Dark-money out-of-state oil interests are bankrolling a ballot referendum that would quash Phoenix's popularly supported plans to build a light rail network, new documents help confirm.
This month, Phoenix voters will be asked to overturn Prop 104, which was approved overwhelmingly by Phoenix voters in 2015 to generate billions toward a regional system of light rail. Prop 105, up for vote Aug. 27, would instead divert the money to road projects.
But, according to records uncovered by the local alternative weekly newspaper, the Phoenix New Times, the group behind the new ballot measure is no a rag-tag team of south side business owners — as they have portrayed themselves. They are receiving funding and instruction from groups with ties to the billionaire oil industrialist Koch Brothers.
Many observers — including Streetsblog — have suspected the attack on transit, like similar efforts in Nashville and other cities, was tied to the Koch Brothers massive political network.
New emails obtained by reporter Steven Hsieh show that Prop 105 was coordinated behind the scenes by Scot Mussi, president of the Arizona Free Enterprise Club, a dark money group.
That "club" is a 501(c)4 nonprofit, meaning it doesn't have to disclose its donors. But in 2017, the group received $110,000 in funding from a political arm of Charles and David Koch, according to opensecrets.org, a political transparency nonprofit. That was about a fifth of the organization's total annual budget. The watchdog group Energy and Policy Institute, calls the Arizona Free Enterprise Club a "front group" that works to undermine political support clean energy in the state.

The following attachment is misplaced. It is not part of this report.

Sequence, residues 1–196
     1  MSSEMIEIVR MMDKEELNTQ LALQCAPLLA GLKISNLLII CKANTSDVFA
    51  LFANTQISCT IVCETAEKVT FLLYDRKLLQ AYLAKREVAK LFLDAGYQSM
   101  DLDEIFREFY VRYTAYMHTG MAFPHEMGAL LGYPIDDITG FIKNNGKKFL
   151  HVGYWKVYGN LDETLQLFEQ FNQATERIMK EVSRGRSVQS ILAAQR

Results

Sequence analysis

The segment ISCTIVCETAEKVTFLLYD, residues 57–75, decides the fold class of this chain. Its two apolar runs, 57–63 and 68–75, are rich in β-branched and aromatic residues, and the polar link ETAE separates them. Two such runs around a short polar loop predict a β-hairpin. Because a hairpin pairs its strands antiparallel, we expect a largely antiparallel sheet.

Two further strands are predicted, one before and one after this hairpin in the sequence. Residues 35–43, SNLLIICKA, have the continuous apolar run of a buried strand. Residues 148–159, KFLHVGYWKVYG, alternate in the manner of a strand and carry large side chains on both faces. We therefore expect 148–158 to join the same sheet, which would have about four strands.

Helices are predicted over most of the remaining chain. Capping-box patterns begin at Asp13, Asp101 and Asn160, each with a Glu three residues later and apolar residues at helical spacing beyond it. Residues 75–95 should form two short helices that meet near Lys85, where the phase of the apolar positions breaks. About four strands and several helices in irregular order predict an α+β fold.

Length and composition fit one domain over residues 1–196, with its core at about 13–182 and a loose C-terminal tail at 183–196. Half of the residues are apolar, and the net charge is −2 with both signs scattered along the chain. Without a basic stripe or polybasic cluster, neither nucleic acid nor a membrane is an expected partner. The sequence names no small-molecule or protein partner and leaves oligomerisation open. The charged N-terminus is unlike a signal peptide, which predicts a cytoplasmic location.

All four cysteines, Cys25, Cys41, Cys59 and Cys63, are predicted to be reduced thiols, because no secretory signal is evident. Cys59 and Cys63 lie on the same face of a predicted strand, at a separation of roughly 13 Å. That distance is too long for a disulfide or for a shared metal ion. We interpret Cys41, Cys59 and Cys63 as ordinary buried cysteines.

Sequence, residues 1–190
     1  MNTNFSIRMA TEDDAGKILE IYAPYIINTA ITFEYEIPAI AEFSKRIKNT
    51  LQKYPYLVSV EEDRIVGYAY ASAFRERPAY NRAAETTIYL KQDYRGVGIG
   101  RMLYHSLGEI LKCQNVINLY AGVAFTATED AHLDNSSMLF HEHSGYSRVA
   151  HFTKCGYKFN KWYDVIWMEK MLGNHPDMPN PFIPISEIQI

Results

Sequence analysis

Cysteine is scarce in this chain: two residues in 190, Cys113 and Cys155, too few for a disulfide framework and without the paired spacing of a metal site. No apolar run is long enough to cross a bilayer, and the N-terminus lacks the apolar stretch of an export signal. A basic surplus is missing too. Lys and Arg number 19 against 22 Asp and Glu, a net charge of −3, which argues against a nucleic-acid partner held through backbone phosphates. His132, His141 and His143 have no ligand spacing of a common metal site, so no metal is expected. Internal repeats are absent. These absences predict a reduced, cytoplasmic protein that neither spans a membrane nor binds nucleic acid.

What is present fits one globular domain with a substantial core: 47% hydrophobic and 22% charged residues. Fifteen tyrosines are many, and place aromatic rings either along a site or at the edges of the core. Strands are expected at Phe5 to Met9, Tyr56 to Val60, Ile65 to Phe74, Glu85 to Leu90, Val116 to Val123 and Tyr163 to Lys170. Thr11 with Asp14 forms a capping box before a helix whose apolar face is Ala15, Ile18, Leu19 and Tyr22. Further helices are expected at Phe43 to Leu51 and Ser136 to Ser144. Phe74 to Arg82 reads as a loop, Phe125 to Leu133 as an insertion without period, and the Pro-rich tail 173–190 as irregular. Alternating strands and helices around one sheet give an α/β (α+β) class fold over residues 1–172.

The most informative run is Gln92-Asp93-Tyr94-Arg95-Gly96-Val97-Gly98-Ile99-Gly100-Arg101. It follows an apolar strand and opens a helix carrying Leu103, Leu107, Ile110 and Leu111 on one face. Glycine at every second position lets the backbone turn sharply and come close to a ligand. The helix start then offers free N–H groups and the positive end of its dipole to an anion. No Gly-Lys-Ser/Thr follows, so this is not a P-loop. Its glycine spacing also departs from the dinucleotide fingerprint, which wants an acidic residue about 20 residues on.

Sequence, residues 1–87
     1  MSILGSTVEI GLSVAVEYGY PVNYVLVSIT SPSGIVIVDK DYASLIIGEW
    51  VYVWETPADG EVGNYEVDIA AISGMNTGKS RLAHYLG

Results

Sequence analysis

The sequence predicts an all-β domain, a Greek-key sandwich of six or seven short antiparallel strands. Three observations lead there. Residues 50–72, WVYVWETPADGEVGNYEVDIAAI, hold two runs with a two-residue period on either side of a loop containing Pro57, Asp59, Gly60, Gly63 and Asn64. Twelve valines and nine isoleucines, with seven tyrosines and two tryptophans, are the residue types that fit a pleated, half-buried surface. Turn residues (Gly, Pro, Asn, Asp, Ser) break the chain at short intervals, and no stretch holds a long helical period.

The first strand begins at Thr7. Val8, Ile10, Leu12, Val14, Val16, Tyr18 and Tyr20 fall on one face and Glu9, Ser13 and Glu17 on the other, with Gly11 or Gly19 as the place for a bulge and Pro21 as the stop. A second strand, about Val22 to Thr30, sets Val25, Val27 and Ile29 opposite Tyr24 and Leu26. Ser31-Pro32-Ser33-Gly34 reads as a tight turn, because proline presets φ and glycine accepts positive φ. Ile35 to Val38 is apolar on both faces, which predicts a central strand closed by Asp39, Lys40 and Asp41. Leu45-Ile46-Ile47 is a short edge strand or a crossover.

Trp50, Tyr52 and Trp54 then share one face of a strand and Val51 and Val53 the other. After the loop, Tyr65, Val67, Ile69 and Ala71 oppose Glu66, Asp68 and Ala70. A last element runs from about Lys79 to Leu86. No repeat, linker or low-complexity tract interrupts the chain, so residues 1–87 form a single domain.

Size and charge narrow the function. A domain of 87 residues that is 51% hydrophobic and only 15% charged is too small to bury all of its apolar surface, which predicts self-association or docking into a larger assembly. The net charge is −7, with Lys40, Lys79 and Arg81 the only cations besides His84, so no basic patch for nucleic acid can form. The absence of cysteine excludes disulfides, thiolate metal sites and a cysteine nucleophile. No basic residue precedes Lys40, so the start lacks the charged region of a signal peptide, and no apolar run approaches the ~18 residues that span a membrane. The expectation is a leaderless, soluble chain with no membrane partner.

An email exchange between Mussi and the face of the opposition — a local small business owner named Celia Contreras — shows Mussi was revising and editing the language for Prop 105. Emails also shows Mussi was directing the signature-gathering effort. The organization used paid signature gatherers to collect the needed 20,000 signatures to introduce the ballot measure, offering $5.68 per signature, Hsieh reports.
Contreras, who owns a modest auto repair shop on South Central Avenue, and other businesses local business owners began their campaign last year after learning plans for South Central Light Rail would reduce the street with from four lanes to two. She believes the change would jeopardize her small business.
But Contreras told the New Times that when dark money outfits got involved and turned their concern into a larger assault on light rail citywide, their effort was tainted.
"They just used the businesses," Contreras told the New Times. "They don’t care about us."
She said she has not been involved with the group — which calls itself "Building a Better Phoenix" — since October.
Prop 104, the original pro-transit measure, passed in 2015 by an overwhelming 10-point margin. It raised the sales tax by 0.3 percent to build $31 billion in light rail lines and expand bus service, both to the south and west.
Only one, 28-mile light rail line has yet been constructed, and it has been the focus of the region's smart growth efforts. Five additional expansions would be halted if voters vote "yes" on 105 and the hot, fast-growing region would be left with almost no alternative to driving for decades to come.